Clayton-Bulwer Treaty

Unlike the Democratic Party, which advocated an aggressive position on expansion in the Western Hemisphere, regardless of the risk of international conflict, the Whig Party maintained a consistent attitude of compromise and peace. One example of this attitude was the Clayton-Bulwer Treaty, signed by the United States and Britain in April, 1850.

Zachary Taylor’s secretary of state, John M. Clayton, met with a British representative, Sir Henry Bulwer, to calm a potentially troublesome issue in Central America. Both powers had studied the feasibility of constructing a canal to link the Atlantic and Pacific oceans through the narrow isthmus in Central America. Initially the most promising site appeared to be in Nicaragua. Neither party was prepared in 1850 to undertake the massive project, but wanted to ensure that one country would not act in the absence of the other.

Under the terms of the Clayton-Bulwer Treaty, the two parties agreed:

  • Not to seek exclusive control of the canal or territory on either side of such a canal
  • Not to fortify any position in the canal area
  • Not to establish colonies in Central America

Like the Webster-Ashburton Treaty of 1842, the Clayton-Bulwer pact showed the American inclination to concede points to achieve compromise. For instance, between the signing and the ratification, the British interpreted the pact to exclude Belize, then known as British Honduras, and certain dependencies. In effect, the British simply agreed not to use their possessions to dominate any future canal.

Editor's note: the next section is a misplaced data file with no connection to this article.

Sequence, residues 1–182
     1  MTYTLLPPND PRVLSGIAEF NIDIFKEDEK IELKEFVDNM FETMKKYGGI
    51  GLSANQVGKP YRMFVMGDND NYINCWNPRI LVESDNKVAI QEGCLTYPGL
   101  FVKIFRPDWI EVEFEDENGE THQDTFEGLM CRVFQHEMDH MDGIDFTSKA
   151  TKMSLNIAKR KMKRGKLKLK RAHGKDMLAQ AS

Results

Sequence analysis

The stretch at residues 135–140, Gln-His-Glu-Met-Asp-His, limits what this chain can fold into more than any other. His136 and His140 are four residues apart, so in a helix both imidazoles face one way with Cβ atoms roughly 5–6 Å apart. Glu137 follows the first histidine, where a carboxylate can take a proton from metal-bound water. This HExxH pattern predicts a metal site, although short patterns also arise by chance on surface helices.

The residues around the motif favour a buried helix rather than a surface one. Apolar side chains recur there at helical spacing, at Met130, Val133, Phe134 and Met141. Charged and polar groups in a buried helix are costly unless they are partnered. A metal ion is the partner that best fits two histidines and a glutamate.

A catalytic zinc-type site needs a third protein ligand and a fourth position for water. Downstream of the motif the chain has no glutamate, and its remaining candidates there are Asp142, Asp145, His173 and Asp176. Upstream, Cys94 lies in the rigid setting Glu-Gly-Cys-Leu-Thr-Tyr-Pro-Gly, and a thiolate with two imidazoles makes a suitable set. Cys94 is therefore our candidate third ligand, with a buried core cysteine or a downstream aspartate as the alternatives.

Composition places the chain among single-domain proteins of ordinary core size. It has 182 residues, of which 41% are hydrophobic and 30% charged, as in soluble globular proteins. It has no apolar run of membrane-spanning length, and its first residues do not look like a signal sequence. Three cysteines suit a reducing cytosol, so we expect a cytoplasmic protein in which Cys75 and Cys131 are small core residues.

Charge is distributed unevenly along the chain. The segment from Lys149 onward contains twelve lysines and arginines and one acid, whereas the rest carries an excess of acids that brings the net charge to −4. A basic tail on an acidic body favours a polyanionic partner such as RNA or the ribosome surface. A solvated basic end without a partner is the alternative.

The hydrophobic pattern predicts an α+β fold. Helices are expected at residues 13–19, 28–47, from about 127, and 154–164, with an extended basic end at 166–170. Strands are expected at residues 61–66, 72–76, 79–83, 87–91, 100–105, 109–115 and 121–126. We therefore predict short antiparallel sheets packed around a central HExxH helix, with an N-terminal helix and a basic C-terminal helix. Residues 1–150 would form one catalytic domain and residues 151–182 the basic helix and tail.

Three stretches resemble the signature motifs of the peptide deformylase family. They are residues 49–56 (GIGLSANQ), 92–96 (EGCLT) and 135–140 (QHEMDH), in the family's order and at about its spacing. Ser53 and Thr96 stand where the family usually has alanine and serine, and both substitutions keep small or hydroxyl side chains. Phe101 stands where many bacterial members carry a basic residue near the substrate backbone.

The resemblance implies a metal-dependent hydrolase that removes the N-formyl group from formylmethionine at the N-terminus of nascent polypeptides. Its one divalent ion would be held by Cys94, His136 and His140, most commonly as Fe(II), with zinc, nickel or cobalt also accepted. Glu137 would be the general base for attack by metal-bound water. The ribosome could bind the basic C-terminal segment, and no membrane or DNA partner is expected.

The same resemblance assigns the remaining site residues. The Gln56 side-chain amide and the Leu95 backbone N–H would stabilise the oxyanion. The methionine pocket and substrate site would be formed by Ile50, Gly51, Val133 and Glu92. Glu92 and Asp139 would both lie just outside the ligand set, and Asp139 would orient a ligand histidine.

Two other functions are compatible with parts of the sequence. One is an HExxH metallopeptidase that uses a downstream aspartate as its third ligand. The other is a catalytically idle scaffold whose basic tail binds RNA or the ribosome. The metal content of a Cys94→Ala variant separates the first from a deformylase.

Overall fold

The Clayton-Bulwer Treaty was ratified in the Senate, but was viewed in a negative light by the public, which regarded it as a renunciation of the Monroe Doctrine. The Democrats made political hay. Although it's possible to argue that Clayton gave up more than necessary, most historians of diplomacy today view the agreement more positively, arguing that the United States did about as well as could be expected at the time. Britain was a great world power; the United States was not. The treaty prevented an immediate rush for influence in Central America and acted to strengthen relations between the two counties.

Later secretaries of state would attempt to modify the Clayton-Bulwer Treaty, but without success. It was not until 1901 that this agreement would be superseded by the Hay-Pauncefote Treaty.

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Clayton-Bulwer Treaty
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HighBeam Encyclopedia - Clayton-Bulwer Treaty
... tips Home > Browse > Article Print Clayton-Bulwer Treaty CLAYTON-BULWER TREATY [Clayton-Bulwer Treaty] concluded (Apr. 19, 1850) at Washington, D.C., between the United States, represented by Secretary of State John M. CClayton-Bulwer Treaty CLAYTON-BULWER TREATY [Clayton-Bulwer Treaty] concluded (Apr. 19, 1850) at Washington, D.C., between the United States, represented by Secretary of State John M. CCLAYTON-BULWER TREATY [Clayton-Bulwer Treaty] concluded (Apr. 19, 1850) at Washington, D.C., between the United States, represented by Secretary of State John M. CClayton-Bulwer Treaty] concluded (Apr. 19, 1850) at Washington, D.C., between the United States, represented by Secretary of State John M. Clayton, and Great ...
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Clayton-Bulwer Treaty. The Columbia Encyclopedia, Sixth Edition. 2001-05
  Clayton-Bulwer Treaty     concluded (Apr. 19, 1850) at Washington, D.C., between the United States, represented by Secretary of State John M. Clayton, and Great Britain, represented by the British plenipotentiary Sir Henry BulClayton-Bulwer Treaty     concluded (Apr. 19, 1850) at Washington, D.C., between the United States, represented by Secretary of State John M. Clayton, and Great Britain, represented by the British plenipotentiary Sir Henry Bulwer. American and ...
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